LITTLE v. EMPLOYER'S CAS. CO.

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LITTLE v. EMPLOYER'S CAS. CO.
1937 OK 437
71 P.2d 687
180 Okla. 628
Case Number: 27787
Decided: 06/29/1937
Supreme Court of Oklahoma

Little
v.
Employer's Cas. Co.

Syllabus by the Court.

¶0 1. APPEAL AND ERROR--Notice of Intention to Appeal Made of Record Reviewable Either by Transcript or Case-Made.
The notice of appeal provided in section 531, O.S.1931 (12 Okl.St.Ann. § 954), makes it mandatory upon the court clerk to make a record of such notice by noting the same upon the trial docket; and held, as a matter of fact, if such notice is given as provided therein, it thereby becomes a part of the judgment roll or record proper and may be reviewed on appeal either by transcript or case-made. Callander v. Hopkins, 97 Okl. 41, 222 P. 672.
2. SAME--Dismissal of Appeal Where not Shown by Record That Notice Was Given.
Where the record does not show that a notice of intention to appeal as provided by section 531, O.S.1931 (12 Okl.St.Ann. § 954), was given, the appeal will be dismissed.

Appeal from District Court, McIntosh County; R. W. Higgins, Judge.

Action upon an account by Dr. D. E. Little against the Employer's Casualty Company. Judgment for defendant, and plaintiff appeals.

Appeal dismissed.

R. D. Howe, of Eufaula, for plaintiff in error.
James C. Cheek, of Oklahoma City, for defendant in error.

PER CURIAM.

¶1 A motion to dismiss was filed upon the ground that no notice of intention to appeal is contained in the record, which is by transcript, and that the minutes of the clerk of July 13, 1936, constitute no part of the record and therefore there is no proper showing of a notice of intention to appeal within the terms of section 531, O.S.1931 (12 Okl.St.Ann. § 954). We held in Callander v. Hopkins, 97 Okl. 41, 222 P. 672, that it was the mandatory duty of the clerk of the court to enter upon the trial docket the notice of appeal as provided by section 531, supra, and that it thereby became a part of the judgment roll or record proper and subject to review on appeal as a part of such record either by transcript or case-made. This opinion has never been questioned since its adoption on January 15, 1924.

¶2 There is no requirement in the statute or otherwise to make a record of notice of appeal except as provided by section 531, supra. Section 72, O.S.1931 (12 Okl.St.Ann. § 22), is as follows: "The clerk of the district court shall keep an appearance docket, a trial docket, a journal, a judgment docket, an execution docket and such other books as may be ordered by the court or required by law."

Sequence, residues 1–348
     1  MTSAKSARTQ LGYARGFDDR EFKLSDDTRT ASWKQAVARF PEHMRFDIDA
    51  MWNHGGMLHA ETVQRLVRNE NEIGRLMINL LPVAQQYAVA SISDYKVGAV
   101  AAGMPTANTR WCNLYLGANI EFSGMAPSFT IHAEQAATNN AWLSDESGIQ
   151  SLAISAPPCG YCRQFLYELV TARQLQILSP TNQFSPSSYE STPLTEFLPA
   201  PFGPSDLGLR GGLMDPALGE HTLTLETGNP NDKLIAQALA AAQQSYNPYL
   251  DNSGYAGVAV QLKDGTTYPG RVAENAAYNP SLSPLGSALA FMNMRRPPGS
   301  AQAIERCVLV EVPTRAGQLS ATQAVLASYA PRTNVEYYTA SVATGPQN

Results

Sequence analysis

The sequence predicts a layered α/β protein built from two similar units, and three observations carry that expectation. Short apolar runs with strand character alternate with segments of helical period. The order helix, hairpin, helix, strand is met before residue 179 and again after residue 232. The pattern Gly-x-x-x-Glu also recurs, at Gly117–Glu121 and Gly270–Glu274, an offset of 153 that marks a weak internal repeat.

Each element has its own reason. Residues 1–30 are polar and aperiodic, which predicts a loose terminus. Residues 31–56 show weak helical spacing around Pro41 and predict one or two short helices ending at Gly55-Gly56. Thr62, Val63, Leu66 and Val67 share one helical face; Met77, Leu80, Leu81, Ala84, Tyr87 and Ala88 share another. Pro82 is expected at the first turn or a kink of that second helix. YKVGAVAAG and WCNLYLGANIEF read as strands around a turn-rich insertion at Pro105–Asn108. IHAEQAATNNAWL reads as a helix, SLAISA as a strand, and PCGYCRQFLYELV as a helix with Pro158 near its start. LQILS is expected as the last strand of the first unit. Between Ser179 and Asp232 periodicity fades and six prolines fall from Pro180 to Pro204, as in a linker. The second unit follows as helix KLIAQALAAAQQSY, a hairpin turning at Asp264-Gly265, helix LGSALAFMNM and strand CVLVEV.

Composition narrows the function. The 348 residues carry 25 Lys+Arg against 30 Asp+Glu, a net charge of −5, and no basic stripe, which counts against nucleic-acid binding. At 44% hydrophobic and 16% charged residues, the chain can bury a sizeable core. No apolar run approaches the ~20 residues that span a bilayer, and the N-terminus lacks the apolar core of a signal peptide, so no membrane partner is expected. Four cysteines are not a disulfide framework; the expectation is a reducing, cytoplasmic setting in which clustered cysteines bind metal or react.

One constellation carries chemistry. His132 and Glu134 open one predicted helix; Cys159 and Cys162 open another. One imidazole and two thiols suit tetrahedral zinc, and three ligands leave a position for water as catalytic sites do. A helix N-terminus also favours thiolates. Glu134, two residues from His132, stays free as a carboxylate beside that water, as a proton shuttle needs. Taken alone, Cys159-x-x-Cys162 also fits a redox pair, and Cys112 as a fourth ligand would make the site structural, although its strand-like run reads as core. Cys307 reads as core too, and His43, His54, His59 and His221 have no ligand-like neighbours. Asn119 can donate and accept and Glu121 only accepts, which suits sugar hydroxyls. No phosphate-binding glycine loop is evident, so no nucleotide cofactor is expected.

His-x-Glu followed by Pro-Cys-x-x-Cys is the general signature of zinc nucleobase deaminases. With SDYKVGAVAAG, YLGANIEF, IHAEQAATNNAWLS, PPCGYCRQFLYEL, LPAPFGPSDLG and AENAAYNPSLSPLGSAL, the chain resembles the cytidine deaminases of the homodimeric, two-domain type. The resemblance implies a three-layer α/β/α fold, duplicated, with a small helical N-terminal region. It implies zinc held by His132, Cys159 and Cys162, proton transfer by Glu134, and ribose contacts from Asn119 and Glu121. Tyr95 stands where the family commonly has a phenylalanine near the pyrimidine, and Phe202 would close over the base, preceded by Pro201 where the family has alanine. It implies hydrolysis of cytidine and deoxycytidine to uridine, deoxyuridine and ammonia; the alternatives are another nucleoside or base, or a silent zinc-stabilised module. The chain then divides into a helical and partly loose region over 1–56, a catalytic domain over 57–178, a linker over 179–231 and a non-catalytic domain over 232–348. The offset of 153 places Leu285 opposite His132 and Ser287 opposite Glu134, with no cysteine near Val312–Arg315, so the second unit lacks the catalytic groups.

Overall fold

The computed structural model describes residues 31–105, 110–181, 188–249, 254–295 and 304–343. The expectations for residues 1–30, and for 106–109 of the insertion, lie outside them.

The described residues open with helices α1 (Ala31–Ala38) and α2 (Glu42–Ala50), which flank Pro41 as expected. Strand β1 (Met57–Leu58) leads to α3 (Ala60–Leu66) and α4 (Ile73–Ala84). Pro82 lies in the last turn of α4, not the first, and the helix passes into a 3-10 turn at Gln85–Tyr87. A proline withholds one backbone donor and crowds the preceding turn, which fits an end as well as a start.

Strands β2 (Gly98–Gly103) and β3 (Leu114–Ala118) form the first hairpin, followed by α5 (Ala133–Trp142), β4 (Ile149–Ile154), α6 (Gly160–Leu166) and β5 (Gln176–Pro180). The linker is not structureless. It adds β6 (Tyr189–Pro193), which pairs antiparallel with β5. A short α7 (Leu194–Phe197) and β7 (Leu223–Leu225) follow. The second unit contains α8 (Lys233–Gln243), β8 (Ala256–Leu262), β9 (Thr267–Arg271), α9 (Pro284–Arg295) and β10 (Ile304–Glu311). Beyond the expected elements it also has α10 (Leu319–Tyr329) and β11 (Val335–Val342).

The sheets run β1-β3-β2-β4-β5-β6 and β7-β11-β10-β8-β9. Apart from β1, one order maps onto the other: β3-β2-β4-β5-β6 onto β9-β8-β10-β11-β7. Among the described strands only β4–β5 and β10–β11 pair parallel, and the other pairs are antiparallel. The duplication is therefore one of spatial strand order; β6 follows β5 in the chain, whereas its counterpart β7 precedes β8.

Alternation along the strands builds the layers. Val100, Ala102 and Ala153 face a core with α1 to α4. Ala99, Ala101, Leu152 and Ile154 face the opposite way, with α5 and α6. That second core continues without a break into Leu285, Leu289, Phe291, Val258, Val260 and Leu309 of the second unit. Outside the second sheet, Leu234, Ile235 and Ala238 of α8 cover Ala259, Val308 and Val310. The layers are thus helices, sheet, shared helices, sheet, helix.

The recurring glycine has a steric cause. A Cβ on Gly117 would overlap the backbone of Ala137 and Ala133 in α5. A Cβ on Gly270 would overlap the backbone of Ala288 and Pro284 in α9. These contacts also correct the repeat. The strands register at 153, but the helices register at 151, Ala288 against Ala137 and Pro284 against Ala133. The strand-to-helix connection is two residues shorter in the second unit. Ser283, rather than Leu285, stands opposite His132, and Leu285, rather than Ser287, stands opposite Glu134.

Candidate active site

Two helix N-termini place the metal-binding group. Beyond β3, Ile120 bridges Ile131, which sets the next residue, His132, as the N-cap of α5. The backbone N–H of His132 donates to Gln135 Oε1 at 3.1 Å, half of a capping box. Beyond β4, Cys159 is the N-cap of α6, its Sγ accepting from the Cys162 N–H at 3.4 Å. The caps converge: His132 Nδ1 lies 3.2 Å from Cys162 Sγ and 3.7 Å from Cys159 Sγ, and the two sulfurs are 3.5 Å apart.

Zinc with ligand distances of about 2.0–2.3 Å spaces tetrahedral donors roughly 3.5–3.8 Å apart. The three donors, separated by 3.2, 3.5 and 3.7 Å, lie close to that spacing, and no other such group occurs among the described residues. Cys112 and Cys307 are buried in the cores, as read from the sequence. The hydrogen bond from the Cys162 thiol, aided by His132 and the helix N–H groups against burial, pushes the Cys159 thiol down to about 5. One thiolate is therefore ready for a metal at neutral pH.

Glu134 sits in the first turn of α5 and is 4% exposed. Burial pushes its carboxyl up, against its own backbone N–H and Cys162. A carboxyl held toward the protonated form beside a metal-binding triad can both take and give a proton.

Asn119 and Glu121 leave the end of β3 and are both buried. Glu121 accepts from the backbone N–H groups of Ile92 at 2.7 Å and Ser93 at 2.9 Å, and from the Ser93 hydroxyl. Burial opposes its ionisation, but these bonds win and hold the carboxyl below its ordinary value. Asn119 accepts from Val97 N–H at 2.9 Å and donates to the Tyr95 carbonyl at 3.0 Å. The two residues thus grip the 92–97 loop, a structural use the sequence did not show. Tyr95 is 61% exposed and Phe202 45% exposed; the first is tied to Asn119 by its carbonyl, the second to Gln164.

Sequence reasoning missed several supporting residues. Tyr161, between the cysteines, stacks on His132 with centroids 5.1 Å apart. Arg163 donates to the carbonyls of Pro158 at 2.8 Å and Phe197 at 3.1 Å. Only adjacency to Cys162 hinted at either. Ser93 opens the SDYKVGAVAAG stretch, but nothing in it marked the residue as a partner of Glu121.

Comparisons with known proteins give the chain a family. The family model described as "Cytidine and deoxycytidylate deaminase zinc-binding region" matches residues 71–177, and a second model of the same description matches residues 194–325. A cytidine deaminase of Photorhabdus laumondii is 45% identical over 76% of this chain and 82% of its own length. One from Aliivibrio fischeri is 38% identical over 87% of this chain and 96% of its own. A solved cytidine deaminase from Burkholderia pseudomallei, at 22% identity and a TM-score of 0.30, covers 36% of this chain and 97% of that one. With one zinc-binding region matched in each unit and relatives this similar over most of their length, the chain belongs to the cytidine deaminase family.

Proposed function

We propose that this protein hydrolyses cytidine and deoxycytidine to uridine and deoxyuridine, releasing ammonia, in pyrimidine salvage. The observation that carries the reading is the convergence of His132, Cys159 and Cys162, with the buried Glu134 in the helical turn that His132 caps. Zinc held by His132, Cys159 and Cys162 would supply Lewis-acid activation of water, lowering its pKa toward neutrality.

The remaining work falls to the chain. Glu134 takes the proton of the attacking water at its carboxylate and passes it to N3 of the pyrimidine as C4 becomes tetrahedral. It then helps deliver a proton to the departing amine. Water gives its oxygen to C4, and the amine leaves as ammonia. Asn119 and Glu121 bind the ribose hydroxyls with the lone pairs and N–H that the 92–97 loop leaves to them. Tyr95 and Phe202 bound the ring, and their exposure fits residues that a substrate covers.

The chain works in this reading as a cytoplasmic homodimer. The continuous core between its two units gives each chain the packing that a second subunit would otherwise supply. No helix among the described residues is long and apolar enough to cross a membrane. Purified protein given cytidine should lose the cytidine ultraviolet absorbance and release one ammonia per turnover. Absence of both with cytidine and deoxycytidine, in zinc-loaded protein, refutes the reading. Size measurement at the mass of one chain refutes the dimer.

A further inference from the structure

¶3 It will be seen that it requires the clerk to keep a trial docket and an appearance docket. Section 531, supra, makes it mandatory for the clerk to enter the notice of appeal on the trial docket. By an examination of sections 73, 74, 75, and 76 (12 Okl.St.Ann. §§ 23-26), it will be noted that there is no requirement as to what the trial docket shall contain and we find no reference to a trial docket other than in sections 72, supra, and 531, supra.

¶4 Section 73, O.S.1931 (12 Okl.St.Ann. § 23), is as follows: "On the appearance docket he shall enter all actions in the order in which they are brought, the date of the summons, the time of the return thereof by the officer, and his return thereon, the time of filing the petition, and all subsequent pleadings and papers, and an abstract of all judgments and orders of the court."

¶5 It will be seen by an examination of the above sections that it contains all of the matters relating to the proceedings had on the trial. We think it is immaterial whether the trial docket is kept separately or whether the clerk chooses to use the appearance docket. When the notice of appeal is duly given as provided in section 531, supra, it should be entered upon the permanent docket and it thereupon becomes a part of the record.

¶6 It will be further noted that there is no requirement that the record of the notice of intention to appeal be contained in any journal entry. We hold that if the recital of the notice of intention to appeal is contained in the journal entry, such constitutes sufficient evidence of giving of notice of appeal for this court will presume that the clerk being a public official performed his duty. If there is no evidence of giving of the notice of appeal recorded by journal entry, if the appeal is by transcript, the clerk should certify the part of the appearance docket or the trial docket where the record of the notice of appeal is entered. On furnishing a transcript, it is his duty to furnish and certify everything that is a part of the record. When the notice of appeal is entered, it becomes a part of the record. Callander v. Hopkins, supra.

¶7 In this case there is no part of the record that shows the giving of notice of the intention to appeal. In a response, plaintiff in error states that the minutes of the clerk show that such notice was given. We have held that the minutes are no part of the record and cannot be considered by this court. Lillard v. Meisberger, 113 Okl. 228, 240 P. 1067; American National Bank of Wetumka v. Hale-Halsell Co., 170 Okl. 366, 41 P. (2d) 830.

¶8 Section 535, O.S.1931 (12 Okl.St.Ann. § 959), provides that if a transcript or a case-made is incomplete, either party upon application may withdraw the same and have it corrected to speak the truth. There has been no application to this court by either party to correct the transcript in this proceedings. The transcript does not show that notice of intention to appeal was given at the date of the rendition of the judgment or within ten days thereafter as provided by section 531, O.S.1931 (12 Okl.St.Ann. § 954). We have held many times that the giving of such notice is jurisdictional. The appeal is therefore dismissed.